Both NHS staff and patients are being treated with contempt, as the lurch toward privatisation continues unabated, and NHS bosses mismanage what little funding the health service has in the midst of a funding crisis – as stories from this week alone show.
On Wednesday (January 16) it came to light that four executive directors at NHS Property Services were paid about £180,000 in bonuses in 2017/18. The payments came in the same year as the company recorded a £40.9m deficit.
The news prompted Unite national officer for health Jackie Williams to condemn NHS Property Services management of “disgraceful behaviour”.
“NHS Property Services is meant to be using its expertise to manage its portfolio of 3,500 buildings and should not be used as a conduit to give spectacularly ill-judged bonuses when the NHS is looking for every penny to enhance frontline services for patients,” she said.
Car parking charges
Also on Wednesday (January 16), Unite highlighted how South Tees NHS Trust increased the cost of staff car parking, despite having lost an employment tribunal on the matter.
Last May, Unite won an employment tribunal case on behalf of one of its members who had claimed the trust had increased the cost of staff car parking without negotiation, bypassing normal procedures.
The tribunal found in the claimant’s favour and so after the verdict, Unite began talks with the trust on behalf of other members who were also being unfairly overcharged for parking charges.
Talks to resolve the matter continued into December, when the trust announced it would not refund staff for the extra car parking charges, despite the tribunal ruling. The trust has said that compensating workers for the charges – which is thought to amount to £10,000 each month – would open it “to extensive financial risk”.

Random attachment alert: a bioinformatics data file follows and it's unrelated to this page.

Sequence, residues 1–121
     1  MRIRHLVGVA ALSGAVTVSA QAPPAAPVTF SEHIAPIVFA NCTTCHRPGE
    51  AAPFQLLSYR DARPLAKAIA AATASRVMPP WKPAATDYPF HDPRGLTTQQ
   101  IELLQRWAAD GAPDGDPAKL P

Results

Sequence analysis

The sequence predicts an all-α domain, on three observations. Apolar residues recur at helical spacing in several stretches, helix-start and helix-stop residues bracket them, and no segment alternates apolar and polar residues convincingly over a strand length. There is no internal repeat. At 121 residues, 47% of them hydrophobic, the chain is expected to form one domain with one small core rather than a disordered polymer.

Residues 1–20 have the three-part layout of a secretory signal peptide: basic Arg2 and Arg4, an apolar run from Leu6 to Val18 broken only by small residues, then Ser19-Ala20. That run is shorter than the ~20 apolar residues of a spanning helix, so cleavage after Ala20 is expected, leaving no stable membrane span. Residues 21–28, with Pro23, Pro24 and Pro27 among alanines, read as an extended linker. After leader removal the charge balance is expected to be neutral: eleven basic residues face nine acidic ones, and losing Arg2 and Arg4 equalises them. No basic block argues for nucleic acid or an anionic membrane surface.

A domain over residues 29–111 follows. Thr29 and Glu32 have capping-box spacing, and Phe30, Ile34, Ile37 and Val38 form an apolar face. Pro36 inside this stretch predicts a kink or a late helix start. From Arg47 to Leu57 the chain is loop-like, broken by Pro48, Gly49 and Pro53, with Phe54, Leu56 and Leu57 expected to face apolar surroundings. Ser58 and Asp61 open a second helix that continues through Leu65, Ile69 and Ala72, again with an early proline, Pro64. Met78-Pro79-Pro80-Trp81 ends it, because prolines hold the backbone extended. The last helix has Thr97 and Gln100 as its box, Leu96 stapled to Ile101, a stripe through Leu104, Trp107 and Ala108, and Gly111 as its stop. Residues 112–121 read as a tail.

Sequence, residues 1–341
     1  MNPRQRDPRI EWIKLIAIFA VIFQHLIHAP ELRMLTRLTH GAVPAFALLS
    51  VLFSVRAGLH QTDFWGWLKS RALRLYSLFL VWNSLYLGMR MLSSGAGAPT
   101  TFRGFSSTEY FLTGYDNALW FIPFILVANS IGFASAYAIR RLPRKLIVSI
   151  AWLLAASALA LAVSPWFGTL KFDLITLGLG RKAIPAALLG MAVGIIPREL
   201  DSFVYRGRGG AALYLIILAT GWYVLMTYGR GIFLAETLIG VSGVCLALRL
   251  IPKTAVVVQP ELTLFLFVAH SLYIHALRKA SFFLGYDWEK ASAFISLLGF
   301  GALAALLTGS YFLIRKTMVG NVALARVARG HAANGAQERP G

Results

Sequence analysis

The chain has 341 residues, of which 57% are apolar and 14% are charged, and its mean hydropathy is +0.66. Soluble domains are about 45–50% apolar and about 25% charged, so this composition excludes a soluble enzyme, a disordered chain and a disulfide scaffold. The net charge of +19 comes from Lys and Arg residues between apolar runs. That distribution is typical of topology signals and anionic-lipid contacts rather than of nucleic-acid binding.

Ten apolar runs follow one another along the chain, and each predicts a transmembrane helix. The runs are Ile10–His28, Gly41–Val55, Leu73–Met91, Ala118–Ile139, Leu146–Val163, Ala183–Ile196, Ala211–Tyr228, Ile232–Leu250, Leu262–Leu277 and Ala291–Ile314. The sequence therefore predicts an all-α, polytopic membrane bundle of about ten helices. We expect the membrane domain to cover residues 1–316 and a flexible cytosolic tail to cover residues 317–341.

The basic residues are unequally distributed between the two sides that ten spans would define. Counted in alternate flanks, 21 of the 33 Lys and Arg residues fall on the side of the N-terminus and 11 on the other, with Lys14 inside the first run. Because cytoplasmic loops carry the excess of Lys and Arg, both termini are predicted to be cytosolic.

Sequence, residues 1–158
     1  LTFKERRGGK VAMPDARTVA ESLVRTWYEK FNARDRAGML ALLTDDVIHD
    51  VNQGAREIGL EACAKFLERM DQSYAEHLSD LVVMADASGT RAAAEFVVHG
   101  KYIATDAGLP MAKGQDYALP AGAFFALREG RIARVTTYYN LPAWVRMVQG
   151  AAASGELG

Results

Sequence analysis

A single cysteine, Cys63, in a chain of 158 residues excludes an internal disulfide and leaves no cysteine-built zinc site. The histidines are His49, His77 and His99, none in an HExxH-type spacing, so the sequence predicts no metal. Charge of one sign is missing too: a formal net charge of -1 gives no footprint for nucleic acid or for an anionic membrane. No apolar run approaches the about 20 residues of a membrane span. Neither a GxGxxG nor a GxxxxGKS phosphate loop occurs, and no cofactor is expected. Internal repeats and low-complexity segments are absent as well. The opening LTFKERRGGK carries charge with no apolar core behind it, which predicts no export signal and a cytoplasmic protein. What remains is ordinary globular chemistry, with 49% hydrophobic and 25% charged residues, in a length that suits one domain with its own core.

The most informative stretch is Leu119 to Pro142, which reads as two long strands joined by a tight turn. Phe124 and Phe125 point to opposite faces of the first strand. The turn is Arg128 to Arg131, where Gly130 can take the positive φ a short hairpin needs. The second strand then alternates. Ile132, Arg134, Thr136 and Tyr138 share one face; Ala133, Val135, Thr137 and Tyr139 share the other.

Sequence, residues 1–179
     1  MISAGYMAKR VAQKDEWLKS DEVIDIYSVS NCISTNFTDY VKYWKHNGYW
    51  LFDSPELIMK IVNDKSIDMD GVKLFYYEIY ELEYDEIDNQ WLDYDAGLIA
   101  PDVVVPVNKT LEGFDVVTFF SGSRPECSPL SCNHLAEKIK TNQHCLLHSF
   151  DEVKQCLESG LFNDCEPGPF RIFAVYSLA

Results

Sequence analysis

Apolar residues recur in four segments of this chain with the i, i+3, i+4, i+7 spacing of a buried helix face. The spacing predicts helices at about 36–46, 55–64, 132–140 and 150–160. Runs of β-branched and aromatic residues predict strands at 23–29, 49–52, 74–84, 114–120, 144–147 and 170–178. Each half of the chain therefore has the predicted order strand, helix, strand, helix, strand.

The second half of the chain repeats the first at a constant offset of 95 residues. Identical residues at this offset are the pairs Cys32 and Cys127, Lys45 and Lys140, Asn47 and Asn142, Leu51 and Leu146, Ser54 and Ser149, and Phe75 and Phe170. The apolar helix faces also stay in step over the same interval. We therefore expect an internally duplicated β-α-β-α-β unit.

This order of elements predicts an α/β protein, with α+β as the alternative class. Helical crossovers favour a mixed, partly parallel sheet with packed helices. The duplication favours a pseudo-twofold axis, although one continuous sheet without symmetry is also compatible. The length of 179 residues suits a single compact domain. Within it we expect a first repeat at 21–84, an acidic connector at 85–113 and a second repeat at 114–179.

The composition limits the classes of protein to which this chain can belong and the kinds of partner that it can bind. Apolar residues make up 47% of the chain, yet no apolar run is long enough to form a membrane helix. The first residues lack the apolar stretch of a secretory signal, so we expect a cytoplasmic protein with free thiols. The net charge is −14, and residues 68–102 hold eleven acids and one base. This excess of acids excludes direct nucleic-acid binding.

Unite regional officer Pat McCourt accused the trust of treating the tribunal process and staff “with contempt”.
“They have disregarded longstanding negotiating procedures and are acting in a reckless manner which risks the goodwill of staff, who are the backbone of the NHS,” he said.
“Unite took a test case, in order not to overburden the trust with a massive employment case. Once the tribunal ruled in Unite’s favour, it was incumbent on the trust to negotiate to ensure that these issues were resolved for the entire workforce,” McCourt added.
“The fact the trust is trying to plug financial holes in the budget by fleecing its own staff is unforgivable; the trust should accept the tribunal decision and refund all affected staff without delay.”
Cervical screening privatisation warning
Meanwhile, Unite expressed fears on Thursday (January 17) about the possible privatisation of cervical screening services used by thousands of women in England each year.
This week marked the deadline of the tendering process for laboratory services involving cervical screening – successful bidders are to be announced in April, with the full implementation of the HPV programme in 2019 heralding the reduction of 46 laboratories to only nine.